Less Sensationalism, More Accessibility
Yoo hopes to create a more two-way conversation, approaching the industry with less sensationalism than the legacy media headlines but more accessibility than the niche startups, which usually lack the resources to accurately cover global news in the Korean language.
“Nobody has tried to contact politicians or people like Seoul Mayor Park Won-soon,” who pledges to launch a crypto coin for Seoul City as he runs for a third term, he says. “They are just inside this small crypto world in Korea and covering that small world.”
The need for a watchdog is ever more important as South Korea’s relevance in the global crypto industry continues.
“Some people think [cryptocurrency] is something spooky, something half-legal, half-illegal, something in a gray area. I’m trying to bring that to light,” he says. “If there are criminals or scammers, we as a watchdog have to bring them to justice. And there are many good people who are very serious about their business and their technology – we give them a chance to be exposed.”
For the left-leaning Hankyoreh, the power of blockchain strikes a chord with the company’s own identity, says Yoo.
He believes decentralization is highly related to democracy, politically and economically. South Korea’s democratic movement in the 1980s formed the foundation of The Hankyoreh, when an oppressive dictatorship threatened the free press and people crowdfunded a newspaper to retain an independent voice.
“Democracy is the key value of this company. Blockchain is very related to democracy,” he says. “I think it’s very natural for Hankyoreh to do something in this area.”
While the top news is still about cryptocurrency, blockchain represents more than a new technology and investment tool, Yoo says. “I think it’s about social changes and very new ideas about how the new society can work and how businesses can change,” he says.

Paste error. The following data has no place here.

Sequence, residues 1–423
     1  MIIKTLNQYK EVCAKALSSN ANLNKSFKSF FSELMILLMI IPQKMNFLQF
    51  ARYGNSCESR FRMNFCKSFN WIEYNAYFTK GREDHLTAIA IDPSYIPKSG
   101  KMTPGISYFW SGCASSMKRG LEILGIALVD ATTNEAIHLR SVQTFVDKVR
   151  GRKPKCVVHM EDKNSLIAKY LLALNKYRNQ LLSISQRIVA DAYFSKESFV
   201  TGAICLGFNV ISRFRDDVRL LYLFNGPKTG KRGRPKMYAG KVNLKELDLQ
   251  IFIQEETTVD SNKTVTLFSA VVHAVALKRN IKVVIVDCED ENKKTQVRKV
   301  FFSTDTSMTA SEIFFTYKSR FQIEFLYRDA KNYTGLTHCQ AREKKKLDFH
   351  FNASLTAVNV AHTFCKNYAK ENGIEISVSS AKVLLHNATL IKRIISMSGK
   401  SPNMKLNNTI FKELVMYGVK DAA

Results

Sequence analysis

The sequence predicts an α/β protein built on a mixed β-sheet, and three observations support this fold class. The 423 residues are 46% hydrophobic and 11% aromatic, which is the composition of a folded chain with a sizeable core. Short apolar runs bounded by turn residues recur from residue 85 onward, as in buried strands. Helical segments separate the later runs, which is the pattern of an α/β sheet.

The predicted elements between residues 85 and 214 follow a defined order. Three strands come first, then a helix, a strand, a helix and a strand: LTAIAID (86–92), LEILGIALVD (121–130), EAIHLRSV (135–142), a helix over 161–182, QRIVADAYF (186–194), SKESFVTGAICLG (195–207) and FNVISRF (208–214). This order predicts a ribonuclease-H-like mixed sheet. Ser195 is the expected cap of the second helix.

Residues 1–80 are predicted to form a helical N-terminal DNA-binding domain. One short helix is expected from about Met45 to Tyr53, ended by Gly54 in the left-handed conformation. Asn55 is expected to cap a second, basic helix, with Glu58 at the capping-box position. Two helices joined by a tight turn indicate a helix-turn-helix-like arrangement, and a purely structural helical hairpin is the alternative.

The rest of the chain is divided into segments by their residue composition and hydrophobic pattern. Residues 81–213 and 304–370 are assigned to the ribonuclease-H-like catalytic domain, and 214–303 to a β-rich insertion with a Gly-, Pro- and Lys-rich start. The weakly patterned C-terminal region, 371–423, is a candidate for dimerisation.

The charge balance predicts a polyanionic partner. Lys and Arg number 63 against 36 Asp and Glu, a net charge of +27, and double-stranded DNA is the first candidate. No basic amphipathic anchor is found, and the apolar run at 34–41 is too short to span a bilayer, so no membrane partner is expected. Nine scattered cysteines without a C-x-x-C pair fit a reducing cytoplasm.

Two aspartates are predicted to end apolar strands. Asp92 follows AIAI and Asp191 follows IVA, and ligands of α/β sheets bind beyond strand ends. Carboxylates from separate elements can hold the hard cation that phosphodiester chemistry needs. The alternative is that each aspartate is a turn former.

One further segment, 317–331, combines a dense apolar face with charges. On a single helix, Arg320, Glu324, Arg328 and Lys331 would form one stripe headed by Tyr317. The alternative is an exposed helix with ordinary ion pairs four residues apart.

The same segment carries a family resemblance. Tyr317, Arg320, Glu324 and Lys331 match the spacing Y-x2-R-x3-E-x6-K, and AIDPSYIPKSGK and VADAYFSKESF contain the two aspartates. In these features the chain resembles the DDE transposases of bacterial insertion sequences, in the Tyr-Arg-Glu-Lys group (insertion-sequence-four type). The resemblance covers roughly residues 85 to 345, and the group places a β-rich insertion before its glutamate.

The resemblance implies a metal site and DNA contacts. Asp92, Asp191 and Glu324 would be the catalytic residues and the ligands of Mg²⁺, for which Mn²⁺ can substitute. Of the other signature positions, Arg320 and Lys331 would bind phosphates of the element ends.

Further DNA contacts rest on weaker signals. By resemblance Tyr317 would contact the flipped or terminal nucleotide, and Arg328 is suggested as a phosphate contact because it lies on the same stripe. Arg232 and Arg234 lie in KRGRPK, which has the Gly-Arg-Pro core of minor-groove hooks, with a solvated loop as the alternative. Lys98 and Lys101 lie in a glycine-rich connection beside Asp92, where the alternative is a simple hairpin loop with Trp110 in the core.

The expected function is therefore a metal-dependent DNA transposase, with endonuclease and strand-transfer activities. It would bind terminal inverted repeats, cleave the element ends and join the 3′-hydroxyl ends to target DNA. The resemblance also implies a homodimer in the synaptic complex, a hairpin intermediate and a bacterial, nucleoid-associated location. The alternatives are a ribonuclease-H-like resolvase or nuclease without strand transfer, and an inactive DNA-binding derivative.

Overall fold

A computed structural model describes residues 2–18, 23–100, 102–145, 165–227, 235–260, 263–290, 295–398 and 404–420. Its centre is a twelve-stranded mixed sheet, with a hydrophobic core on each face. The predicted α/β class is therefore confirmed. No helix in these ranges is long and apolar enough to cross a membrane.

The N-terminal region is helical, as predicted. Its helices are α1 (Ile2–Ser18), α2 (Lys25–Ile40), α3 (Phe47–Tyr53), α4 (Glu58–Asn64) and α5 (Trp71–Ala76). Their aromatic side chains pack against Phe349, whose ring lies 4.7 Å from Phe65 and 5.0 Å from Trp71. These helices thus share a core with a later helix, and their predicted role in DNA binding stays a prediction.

South Korea is CoinDesk’s second foreign-language market, following a deal with Morningstar Japan in early March to translate and distribute its content to Japanese readers. Korea has “tons of interest” but limited access to news due to the language barrier, says Kevin Worth, CoinDesk CEO. Asian country partnerships are a priority as readers in Europe, its other major readership base, would more likely read English, he said. It is hoped the partnership will eventually go both ways to allow Korean readers more understanding of the global market, and vice versa.
“The details of the crypto-craze story is certainly an interesting one. I think we and The Hankyoreh are spending more time thinking more about content on the broader technology story and how blockchain technology has potential to disrupt a lot of business models,” Worth said in a phone interview.
Monitoring prices is not his biggest interest, but Yoo is confident that South Korea’s crypto fever will rebound. “I think the interest is still there. If I thought it was gone, we would not do this [project],” Yoo says. Prices may not rise as quickly as late last year, but he expects the price to return to the same level within the year. “I think people are expecting for spring to come.”
Yohan Yun contributed to this article.